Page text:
As anyone who follows these things even casually will already know, America has been working for a while now. That's not to say everything is roses, but it's not quite the dystopian communist state that is being described in Cleveland. It turns out that even those complaining about the economy just know that it's bad 'somewhere' - only not where they live.
"Just as most Americans say they hate Congress but routinely vote for their local congressmen, most Republicans seem to detect a national economic malaise while — with some exceptions in places like coal country and the oil patch — touting the economic progress in their local communities. They square that circle in a variety of ways — crediting their Republican mayors and governors, accusing Obama of manipulating data, or citing legitimate weaknesses in the recovery from the Great Recession. But with unemployment down from 10 percent to less than 5 percent since late 2009, one of Trump’s many challenges will be convincing non-Republicans that America isn’t working even though nearly 15 million more Americans are."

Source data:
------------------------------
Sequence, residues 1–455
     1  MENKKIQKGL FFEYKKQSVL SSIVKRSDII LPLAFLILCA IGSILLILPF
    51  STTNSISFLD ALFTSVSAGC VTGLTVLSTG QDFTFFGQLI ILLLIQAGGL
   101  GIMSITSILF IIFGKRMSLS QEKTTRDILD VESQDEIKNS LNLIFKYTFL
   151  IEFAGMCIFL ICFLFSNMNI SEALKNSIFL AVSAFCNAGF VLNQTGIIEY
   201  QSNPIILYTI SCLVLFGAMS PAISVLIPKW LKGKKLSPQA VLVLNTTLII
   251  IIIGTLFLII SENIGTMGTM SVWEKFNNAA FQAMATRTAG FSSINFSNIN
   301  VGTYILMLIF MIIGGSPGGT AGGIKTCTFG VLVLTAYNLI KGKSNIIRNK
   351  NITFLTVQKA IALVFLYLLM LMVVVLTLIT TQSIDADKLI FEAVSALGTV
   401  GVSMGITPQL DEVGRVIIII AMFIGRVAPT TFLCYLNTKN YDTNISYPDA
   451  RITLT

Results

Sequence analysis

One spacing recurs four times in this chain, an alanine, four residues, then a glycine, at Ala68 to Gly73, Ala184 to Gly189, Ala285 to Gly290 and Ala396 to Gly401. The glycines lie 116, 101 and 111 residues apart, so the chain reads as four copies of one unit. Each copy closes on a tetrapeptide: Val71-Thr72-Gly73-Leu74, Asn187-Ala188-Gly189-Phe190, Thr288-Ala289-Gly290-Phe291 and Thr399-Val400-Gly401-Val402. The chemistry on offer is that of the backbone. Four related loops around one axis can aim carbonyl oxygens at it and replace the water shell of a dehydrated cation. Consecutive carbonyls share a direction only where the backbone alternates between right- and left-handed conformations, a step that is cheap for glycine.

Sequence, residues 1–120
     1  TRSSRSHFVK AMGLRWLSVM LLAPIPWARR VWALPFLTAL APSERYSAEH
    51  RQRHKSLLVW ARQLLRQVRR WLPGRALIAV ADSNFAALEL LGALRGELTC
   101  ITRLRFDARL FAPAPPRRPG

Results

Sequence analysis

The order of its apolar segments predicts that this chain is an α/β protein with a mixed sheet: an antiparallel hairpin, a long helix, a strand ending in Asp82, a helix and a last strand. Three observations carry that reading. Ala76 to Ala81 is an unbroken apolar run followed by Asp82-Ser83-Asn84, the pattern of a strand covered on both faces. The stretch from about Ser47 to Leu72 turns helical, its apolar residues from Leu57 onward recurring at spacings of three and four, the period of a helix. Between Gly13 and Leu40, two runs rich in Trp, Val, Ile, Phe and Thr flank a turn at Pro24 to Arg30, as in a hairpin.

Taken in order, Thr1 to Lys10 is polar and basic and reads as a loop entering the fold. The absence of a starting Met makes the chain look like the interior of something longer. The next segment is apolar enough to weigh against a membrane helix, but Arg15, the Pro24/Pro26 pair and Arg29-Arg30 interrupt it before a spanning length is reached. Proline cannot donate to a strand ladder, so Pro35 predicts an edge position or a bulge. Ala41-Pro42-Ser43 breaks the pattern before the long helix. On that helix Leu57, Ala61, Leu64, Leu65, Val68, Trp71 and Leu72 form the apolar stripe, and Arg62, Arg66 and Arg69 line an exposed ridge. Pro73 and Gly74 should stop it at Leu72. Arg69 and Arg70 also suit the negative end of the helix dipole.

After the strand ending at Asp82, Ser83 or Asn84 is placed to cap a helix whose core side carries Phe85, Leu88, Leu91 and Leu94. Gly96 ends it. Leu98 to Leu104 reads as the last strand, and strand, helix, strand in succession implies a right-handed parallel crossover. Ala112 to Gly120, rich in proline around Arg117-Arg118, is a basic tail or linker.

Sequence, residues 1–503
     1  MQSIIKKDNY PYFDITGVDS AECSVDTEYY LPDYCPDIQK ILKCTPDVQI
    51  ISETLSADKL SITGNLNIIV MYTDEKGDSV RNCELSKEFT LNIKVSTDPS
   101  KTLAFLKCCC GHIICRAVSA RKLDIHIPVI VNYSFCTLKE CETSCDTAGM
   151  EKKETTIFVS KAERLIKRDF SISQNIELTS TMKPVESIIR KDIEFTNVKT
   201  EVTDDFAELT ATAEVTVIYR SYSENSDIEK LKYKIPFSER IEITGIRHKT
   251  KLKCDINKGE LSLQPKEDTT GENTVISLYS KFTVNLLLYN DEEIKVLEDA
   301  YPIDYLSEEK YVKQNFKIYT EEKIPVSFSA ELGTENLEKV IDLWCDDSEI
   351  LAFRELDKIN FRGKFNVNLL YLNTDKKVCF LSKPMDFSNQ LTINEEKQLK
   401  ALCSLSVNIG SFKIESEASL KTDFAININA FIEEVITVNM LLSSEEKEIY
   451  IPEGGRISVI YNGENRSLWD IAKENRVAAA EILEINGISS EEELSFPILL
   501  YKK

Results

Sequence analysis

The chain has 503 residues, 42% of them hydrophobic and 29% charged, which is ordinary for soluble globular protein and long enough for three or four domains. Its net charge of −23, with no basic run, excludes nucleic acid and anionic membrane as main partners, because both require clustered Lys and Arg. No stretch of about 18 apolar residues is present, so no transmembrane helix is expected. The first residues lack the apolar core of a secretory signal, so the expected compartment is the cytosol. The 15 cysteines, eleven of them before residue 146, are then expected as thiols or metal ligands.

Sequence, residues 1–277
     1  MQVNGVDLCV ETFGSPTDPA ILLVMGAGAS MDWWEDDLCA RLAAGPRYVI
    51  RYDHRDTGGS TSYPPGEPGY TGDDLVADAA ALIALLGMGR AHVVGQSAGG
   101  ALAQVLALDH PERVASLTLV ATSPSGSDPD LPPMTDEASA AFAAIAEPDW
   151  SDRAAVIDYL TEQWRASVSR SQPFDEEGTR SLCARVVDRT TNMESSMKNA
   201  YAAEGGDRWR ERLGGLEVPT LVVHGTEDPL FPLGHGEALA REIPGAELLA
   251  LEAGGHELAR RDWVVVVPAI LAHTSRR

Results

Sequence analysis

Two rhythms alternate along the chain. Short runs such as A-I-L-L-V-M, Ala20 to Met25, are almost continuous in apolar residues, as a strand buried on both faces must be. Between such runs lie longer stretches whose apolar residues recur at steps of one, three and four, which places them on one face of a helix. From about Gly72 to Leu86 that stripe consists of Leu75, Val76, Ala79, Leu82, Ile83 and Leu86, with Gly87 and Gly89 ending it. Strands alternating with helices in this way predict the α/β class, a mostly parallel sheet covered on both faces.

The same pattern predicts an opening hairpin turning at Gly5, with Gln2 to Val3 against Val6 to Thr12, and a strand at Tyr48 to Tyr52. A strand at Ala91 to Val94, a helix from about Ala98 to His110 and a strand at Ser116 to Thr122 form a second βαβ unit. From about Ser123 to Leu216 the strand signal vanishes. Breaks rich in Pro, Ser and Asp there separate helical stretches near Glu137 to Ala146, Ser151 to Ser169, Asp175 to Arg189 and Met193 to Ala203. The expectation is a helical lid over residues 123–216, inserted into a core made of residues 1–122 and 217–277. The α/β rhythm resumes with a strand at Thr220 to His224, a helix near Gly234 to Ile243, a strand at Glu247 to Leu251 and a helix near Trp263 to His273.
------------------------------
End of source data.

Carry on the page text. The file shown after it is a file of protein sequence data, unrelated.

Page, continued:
"Months ago, early on in the presidential campaign, I made light of Trump, saying that his particular candidacy would crash and burn when he inevitably said or did something so outrageous and horrific that people would flee his side. I was wrong. I underestimated just how thoroughly the GOP had salted the Earth. Philosophical party planks of climate change denial, anti-evolution, anti-intellectualism, intolerance, and more have made it such that Trump can literally say almost anything, and it hardly affects his popularity."